The material will now have a diffuse color based on your choice. You are also able to manipulate the R, G,
and B sliders directly in the material tab or to enter values with the keyboard to accurately obtain the color
you require.

That is what I want you to do now. LMB on the R value (Red) so that the number there becomes highlighted
for direct numeric input.

* Enter 1.0 for R(ed) and press TAB to move down to the G(reen) entry.
* Enter 0.837 and press TAB to move down to B(lue) entry.
* Enter 0.438 and press the Enter key.

I chose that color after very careful observation of the desk in the original photograph (obviously, the real
desk is not black and white like the photo). When trying to determine the base color to use for a material,
you must try to imagine what the real material would look like if illuminated evenly with a balanced white

Callout: Diffuse and Specular colors are set on the Material tab.
Even though you've defined the basic color of the material, you haven't told Blender anything about how this
material reacts to light. Is it shiny, like wet rock, or does it have a soft, extremely diffuse appearance, like
pool table felt?

Blender implements both Diffuse and Specular shader models under the Shaders tab of the Material

The Shaders tab.

The Lambert model is one of several available for Diffuse shading and the CookTorr is one of a series of
Specular models. Later you will learn about the others but for now we are going to stick with the defaults. In
fact, the default specular model settings of Spec 0.50 and Hard of 50 are fine for your desk surface.

Callout: Diffuse and Specular shaders are chosen on the Shaders tab.

Variation Across the Material Surface

Almost no surface has a totally uniform color, shininess, or flatness. In fact, variation across a material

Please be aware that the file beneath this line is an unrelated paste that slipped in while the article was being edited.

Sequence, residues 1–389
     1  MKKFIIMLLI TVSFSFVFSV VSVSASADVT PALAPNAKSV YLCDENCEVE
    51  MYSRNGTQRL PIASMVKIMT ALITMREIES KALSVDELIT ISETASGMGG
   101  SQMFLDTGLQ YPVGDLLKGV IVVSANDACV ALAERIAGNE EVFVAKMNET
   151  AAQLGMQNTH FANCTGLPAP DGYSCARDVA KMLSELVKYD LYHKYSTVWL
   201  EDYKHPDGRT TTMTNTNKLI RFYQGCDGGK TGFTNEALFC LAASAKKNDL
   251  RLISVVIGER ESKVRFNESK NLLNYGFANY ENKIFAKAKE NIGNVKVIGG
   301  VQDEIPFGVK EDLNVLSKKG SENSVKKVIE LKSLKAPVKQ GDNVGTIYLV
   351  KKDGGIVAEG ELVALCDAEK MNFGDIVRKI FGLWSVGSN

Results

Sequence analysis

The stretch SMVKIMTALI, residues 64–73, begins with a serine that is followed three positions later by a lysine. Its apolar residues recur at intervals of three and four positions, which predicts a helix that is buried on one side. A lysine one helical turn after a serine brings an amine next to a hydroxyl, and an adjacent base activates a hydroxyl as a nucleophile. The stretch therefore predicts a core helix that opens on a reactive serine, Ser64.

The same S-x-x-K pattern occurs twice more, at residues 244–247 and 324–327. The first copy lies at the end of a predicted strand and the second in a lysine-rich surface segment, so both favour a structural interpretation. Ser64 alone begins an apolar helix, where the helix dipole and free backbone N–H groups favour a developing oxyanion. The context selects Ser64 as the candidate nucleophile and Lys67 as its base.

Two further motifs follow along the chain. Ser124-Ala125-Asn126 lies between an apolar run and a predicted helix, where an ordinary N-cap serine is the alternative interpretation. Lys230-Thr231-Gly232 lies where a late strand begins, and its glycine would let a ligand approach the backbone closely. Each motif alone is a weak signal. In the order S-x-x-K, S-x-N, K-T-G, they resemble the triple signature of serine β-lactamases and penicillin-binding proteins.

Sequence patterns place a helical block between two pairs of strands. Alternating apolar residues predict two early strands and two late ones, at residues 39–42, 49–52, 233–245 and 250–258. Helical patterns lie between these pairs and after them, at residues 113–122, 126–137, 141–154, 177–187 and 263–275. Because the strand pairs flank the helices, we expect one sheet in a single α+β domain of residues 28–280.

surface is the single most important thing that will transform a dull and obviously computer-generated
material into an authentic surface representation, or at least a more interesting one. Observation of the desk
surface reveals that apart from the wood grain there are some subtle and random variations in color across
the surface. You therefore need a similar random texture to give color variation to your shading model.

In order to simulate these variations it's necessary to add textures to your material.

Blender offers the ability to apply up to 10 texture layers within a standard Blender material. Each texture
layer offers a huge range of possibilities to help modify your material. For this reason, things can appear a
little daunting when beginning to work with textures. We will be covering the details of textures in the
discussion section. So for now, just follow along with the suggestions and see what happens.

* Switch the buttons view window to Textures (F6 or LMB the textures icon).
* LMB on the Add New button.

The Textures tab, before adding any textures.

The same tab after clicking "Add New"

A new texture is created in the first slot with a default name. Currently there is no texture type assigned so
the preview is blank.

* Click the Texture Type button, where it says None, to display a list of available textures, and from the
list, select "Clouds".

The Preview tab gives an indication of what the texture looks like. This one, as its name suggests, looks sort
of cloud-like.
The Texture tab and Preview tabs with a preview of the Cloud texture type.

* Change the Noise Size to 0.158 and the Noise Depth to 3.

* Switch back to Material buttons (F5 or LMB the materials icon).